A bill that would grant immunity to Floridians who show guns or fire warning shots in self-defense could be poised to pass this year after failing to get a hearing in 2013.
The so-called "warning-shot" bill (SB 448), which would amend the state's controversial "stand your ground" self-defense law, cleared its first Senate panel on Wednesday.
After listening to descriptions of Floridians serving 20-year sentences for firing warning shots to defend themselves or others, the Senate Criminal Justice Committee unanimously passed the bill by committee Chairman Greg Evers, R-Baker.
One member of the panel, Sen. Charlie Dean, a former Citrus County sheriff, even asked House sponsor Neil Combee to consider adding an amendment that would expunge the criminal records of people charged in this way; Combee said he would.
"What part of 'innocence' do we not understand?" Dean demanded.
Combee, a Polk City Republican, first sponsored the bill after hearing about Marissa Alexander, a Jacksonville woman who was sentenced to 20 years in prison under the 10-20-Life sentencing law for firing a gun into a wall during a dispute with her husband.
Combee described Alexander's sentence as an example of the "negative unintended consequences" of 10-20-Life, which requires mandatory-minimum prison terms for gun-related crimes.
Under the 10-20-Life law, possessing a gun while committing certain crimes is punishable by at least 10 years in prison, discharging a gun while committing those crimes is punishable by at least 20 years in prison, and hurting or killing someone during those crimes is punishable by 25 years to life in prison.
The 2013 version of Combee's bill sought to amend 10-20-Life rather than "stand your ground," and it was opposed by the Florida Sheriffs Association and many prosecutors and law enforcement officers who argued that the sentencing bill was working too well to be altered.
So the 2014 bills by Combee and Evers would amend "stand your ground" instead. The bills, which are identical, would permit people who are being attacked and fear for their lives to display guns, threaten to use the weapons or fire warning shots under the same circumstances by which they could legally shoot to kill.
That switch sped the bill to passage in the House Criminal Justice Subcommittee in November.
It also gained allies for the bill who did not support it last year, such as the Florida Public Defender Association.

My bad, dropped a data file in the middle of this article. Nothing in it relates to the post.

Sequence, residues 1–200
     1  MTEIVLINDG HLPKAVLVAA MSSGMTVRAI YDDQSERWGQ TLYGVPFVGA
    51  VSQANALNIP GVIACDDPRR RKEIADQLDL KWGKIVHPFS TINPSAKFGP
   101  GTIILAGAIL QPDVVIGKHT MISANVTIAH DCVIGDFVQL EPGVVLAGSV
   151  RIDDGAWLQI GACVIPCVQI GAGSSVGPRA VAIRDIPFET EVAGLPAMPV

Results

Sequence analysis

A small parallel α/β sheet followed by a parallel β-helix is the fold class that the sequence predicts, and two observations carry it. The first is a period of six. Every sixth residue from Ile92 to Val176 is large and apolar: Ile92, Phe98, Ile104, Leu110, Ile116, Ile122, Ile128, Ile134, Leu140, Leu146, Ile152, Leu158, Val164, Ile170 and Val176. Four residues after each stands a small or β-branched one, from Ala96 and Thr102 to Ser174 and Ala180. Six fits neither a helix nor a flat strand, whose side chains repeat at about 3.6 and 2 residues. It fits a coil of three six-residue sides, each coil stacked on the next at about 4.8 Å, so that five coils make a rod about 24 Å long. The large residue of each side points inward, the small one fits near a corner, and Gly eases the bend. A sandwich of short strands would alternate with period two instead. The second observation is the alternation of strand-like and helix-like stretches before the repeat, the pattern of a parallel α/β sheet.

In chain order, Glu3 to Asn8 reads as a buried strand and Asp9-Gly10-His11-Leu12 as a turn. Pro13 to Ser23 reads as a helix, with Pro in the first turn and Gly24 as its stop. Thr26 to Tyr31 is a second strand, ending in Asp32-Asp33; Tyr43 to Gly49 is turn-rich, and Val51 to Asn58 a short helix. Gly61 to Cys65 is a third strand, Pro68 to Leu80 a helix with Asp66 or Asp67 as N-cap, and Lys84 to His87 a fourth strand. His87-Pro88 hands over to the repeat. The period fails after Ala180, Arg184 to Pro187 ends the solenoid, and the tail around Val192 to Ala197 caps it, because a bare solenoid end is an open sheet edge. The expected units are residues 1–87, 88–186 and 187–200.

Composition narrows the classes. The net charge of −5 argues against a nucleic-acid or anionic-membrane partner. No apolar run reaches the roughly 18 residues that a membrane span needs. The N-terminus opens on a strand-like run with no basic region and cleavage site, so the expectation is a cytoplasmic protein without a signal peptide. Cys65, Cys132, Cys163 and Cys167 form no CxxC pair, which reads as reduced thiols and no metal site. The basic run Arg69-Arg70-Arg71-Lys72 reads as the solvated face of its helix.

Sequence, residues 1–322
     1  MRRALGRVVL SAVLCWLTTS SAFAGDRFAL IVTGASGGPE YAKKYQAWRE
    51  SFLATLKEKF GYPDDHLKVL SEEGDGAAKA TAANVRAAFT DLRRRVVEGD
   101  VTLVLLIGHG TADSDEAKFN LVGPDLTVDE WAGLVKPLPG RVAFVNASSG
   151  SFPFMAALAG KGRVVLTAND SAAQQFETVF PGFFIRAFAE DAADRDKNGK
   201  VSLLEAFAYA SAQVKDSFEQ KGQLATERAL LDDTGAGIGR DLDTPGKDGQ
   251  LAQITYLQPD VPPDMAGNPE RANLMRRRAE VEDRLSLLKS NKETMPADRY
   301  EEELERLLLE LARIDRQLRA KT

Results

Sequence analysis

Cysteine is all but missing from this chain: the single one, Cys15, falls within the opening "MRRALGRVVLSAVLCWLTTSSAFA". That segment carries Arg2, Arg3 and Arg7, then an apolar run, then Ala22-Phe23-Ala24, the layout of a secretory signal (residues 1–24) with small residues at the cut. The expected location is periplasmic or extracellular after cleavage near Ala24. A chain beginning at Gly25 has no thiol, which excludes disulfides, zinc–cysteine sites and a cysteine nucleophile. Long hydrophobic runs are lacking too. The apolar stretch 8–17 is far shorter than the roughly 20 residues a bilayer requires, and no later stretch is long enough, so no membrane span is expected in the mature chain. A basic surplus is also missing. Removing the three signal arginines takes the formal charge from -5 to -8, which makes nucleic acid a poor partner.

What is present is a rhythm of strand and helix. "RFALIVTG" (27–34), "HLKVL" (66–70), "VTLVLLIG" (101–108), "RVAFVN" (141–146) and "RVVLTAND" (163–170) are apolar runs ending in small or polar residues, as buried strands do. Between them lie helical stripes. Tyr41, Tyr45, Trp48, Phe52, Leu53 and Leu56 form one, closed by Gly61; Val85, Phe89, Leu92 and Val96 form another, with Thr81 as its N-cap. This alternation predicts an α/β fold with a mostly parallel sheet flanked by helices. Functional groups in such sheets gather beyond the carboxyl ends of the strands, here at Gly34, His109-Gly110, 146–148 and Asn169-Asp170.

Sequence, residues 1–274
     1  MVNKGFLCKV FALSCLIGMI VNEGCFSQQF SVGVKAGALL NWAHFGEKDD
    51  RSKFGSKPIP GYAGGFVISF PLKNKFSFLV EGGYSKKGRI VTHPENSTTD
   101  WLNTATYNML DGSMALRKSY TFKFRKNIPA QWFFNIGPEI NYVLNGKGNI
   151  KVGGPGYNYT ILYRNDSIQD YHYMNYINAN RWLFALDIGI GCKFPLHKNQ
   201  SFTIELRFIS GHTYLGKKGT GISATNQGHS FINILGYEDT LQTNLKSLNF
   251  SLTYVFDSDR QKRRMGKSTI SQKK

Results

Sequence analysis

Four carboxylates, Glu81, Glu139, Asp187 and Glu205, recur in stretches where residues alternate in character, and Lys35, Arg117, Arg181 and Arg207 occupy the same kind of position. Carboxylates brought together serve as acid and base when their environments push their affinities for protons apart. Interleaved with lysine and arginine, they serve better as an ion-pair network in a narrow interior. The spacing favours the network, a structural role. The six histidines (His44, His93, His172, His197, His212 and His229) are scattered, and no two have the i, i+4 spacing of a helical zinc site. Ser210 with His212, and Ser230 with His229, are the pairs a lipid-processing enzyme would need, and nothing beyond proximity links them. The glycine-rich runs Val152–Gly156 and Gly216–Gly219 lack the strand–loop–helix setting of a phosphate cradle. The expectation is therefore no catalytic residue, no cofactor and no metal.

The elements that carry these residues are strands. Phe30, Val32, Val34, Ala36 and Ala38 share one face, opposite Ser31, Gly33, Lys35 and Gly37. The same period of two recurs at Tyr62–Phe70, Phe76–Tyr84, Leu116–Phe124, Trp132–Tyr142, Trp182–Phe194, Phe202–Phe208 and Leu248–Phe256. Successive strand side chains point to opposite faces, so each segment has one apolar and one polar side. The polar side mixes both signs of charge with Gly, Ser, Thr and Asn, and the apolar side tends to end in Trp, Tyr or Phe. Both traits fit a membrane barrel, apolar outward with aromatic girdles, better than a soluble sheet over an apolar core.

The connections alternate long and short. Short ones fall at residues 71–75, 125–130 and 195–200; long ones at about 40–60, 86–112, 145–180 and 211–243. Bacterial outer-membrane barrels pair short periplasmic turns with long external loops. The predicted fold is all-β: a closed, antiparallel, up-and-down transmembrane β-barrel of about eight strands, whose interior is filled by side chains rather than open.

"We think it's an important clarification to the existing self-defense laws, that someone could be justified in threatening to use force and not have to actually use force to enjoy the protections of the self-defense laws and 'stand your ground,' " Stacy Scott, the public defender for the 8th Judicial Circuit, told the Senate panel on Wednesday. "The statutes aren't clear on that."
National Rifle Association lobbyist Marion Hammer, who has worked with Combee on the bill since last year, said it was needed to curb prosecutorial abuses under 10-20-Life.
"Prosecutors are using it wrongly to prosecute people who, in an act of self-defense or defense of a loved one, threaten to use force because they really don't want to shoot somebody," Hammer said. "If you actually shoot an attacker, the law protects you. But if you merely threaten to shoot an attacker and the attacker runs away, some prosecutors will still try to put you in prison for 10 to 20 years. Some, not all, but any is too many."
The committee seemed ready to move to a vote, but Gainesville-based state attorney Bill Cervone of the 8th Judicial Circuit asked to speak.
"I personally feel a little bit pilloried sitting here and listening to some of this," Cervone told lawmakers. "And something that's not being said is that there are two sides to every one of these cases. If somebody is in prison for one of these situations, it's because a judge and a jury rejected his version claiming self-defense."
Evers said he knew of local cases in which people had been wrongly charged for defending themselves, including a 74-year-old retiree who displayed a shotgun to protect his daughter.
"Senator, I have no idea what that case is about," Cervone began.
"But I do," Evers broke in. "That's the reason for this bill."